Review: Collusion by Stuart Neville
(Harville Secker £12.99)
Last year, Stuart Neville made a sensational debut with The Twelve, a searing story of the havoc wreaked in the North by Gerry Fegan, a deranged IRA assassin seeking to still his victim's haunting voices.
But Fegan, who fled to New York, made a fatal mistake by sparing the life of Bull O'Kane, a ruthless criminal who will stop at nothing to get his revenge. He wants Fegan dead, and he also wants the handful of witnesses who survived the bloody shoot-out and his humiliation at his border farmhouse silenced.
The man he picks for the job is a stone-cold killer for hire called the Traveller. But the Traveller isn't the only one hunting for Fegan and the witnesses. Detective Inspector Jack Lennon is also desperate to find his six-year-old daughter and her mother, Maria McKenna, both of whom were at the farmhouse that night and are under police protection. Bull O'Kane, now an invalid, has corrupt friends in high places and Lennon finds himself instructed by his superiors to back off as the Traveller goes about his deadly and bloody business.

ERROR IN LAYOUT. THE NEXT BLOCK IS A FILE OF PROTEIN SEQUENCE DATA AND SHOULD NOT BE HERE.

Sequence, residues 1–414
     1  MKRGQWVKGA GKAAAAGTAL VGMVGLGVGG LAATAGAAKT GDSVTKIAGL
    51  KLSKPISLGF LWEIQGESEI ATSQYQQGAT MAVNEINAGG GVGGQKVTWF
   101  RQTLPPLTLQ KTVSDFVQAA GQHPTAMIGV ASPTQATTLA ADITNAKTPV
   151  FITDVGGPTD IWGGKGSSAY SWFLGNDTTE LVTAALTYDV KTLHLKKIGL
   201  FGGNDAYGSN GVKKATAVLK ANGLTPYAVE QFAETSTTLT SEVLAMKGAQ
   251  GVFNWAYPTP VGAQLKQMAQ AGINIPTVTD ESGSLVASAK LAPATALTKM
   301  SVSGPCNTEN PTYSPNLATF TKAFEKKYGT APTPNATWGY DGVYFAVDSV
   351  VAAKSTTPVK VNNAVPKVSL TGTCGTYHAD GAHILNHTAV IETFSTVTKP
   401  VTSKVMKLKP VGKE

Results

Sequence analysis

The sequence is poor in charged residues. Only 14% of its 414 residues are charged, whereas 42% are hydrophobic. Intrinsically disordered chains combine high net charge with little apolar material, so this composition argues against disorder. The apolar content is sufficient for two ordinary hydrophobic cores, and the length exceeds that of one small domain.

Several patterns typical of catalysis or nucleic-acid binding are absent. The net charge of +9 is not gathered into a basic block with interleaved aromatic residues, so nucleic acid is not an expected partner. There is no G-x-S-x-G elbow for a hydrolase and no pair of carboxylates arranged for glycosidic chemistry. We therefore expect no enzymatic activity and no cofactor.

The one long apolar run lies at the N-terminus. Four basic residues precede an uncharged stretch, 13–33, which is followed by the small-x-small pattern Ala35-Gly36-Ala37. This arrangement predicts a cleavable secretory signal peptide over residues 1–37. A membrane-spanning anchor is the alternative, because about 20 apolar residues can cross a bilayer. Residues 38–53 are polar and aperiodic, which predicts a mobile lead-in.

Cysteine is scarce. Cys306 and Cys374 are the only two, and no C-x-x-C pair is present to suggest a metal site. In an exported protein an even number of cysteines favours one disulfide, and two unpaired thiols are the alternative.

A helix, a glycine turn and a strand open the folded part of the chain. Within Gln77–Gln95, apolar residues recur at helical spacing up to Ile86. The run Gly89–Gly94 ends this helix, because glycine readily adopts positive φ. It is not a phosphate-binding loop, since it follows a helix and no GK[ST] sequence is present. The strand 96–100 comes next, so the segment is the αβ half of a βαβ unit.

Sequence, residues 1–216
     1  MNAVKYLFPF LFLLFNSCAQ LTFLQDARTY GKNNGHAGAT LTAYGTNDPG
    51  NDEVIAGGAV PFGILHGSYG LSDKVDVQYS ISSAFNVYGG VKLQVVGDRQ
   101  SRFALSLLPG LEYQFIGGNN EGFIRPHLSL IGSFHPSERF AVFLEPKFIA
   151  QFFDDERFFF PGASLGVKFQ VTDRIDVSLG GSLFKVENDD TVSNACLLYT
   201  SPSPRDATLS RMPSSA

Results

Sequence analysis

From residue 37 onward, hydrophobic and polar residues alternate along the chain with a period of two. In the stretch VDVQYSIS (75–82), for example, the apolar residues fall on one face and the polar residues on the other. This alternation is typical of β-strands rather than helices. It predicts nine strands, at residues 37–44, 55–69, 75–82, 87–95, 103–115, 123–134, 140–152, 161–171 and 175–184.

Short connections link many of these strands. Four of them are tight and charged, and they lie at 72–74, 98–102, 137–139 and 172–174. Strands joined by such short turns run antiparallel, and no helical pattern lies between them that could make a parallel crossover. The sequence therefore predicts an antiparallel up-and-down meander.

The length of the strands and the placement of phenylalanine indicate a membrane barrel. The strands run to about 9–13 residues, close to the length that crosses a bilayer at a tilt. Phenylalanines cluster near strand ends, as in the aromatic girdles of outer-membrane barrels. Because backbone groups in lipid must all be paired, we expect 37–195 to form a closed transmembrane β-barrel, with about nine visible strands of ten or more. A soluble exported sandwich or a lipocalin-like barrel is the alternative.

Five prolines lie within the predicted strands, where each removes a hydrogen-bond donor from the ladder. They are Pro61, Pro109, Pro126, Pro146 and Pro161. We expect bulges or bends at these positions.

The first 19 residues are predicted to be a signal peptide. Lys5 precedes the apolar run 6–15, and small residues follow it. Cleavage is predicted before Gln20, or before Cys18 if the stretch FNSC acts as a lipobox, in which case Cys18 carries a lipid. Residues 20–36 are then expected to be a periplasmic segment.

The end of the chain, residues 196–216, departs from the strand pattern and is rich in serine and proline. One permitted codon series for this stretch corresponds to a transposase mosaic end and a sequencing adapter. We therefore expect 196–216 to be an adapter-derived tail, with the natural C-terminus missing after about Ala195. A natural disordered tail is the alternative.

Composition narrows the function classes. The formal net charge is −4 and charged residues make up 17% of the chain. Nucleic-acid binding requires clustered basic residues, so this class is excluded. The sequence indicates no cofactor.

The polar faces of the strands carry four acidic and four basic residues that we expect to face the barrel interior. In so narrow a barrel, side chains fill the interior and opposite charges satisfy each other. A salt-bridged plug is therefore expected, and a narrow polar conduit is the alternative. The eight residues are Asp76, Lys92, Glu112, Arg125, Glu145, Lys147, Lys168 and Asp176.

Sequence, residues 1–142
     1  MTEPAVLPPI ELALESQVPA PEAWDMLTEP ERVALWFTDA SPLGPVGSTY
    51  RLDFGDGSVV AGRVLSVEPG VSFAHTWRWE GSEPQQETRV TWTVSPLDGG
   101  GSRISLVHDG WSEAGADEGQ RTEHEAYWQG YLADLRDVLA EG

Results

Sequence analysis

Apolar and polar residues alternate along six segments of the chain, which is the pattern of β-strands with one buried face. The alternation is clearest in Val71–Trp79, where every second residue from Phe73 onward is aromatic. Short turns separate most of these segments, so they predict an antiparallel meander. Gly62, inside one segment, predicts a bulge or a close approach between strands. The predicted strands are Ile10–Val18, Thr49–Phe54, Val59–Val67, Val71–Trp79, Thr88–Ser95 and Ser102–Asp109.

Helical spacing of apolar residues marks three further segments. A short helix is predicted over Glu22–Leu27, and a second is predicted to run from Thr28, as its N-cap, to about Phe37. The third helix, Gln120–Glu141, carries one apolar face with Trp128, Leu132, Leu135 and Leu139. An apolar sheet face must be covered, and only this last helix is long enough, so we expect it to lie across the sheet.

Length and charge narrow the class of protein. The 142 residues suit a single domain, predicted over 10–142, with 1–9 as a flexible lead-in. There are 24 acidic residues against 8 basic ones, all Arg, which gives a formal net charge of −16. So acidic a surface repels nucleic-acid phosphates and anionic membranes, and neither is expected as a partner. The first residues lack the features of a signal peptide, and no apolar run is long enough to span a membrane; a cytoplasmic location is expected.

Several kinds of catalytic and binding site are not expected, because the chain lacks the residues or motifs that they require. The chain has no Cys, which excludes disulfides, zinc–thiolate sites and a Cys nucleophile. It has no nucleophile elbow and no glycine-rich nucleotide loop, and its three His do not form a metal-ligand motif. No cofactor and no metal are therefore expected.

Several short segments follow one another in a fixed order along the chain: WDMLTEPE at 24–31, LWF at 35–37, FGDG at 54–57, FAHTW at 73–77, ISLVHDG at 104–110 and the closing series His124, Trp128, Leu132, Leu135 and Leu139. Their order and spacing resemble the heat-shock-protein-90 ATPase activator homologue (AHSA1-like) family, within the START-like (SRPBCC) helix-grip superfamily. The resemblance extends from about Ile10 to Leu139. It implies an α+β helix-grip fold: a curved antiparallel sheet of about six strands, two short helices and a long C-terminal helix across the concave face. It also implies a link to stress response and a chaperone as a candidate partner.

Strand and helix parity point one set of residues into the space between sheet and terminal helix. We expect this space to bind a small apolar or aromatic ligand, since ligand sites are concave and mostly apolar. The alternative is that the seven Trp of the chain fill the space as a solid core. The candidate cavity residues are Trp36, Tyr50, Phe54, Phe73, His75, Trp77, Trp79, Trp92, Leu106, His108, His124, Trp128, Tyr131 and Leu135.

In New York Gerry Fegan realises he will have to return to Belfast if he wishes to protect Maria and her daughter. This decision sets all three men on an inescapable collision course and a violent and tragic denouement.
Collusion is a gripping thriller that transcends its genre through an unflinching examination of how 40 years of internecine strife has left unhealed scars that resonate in all levels of life in the North today.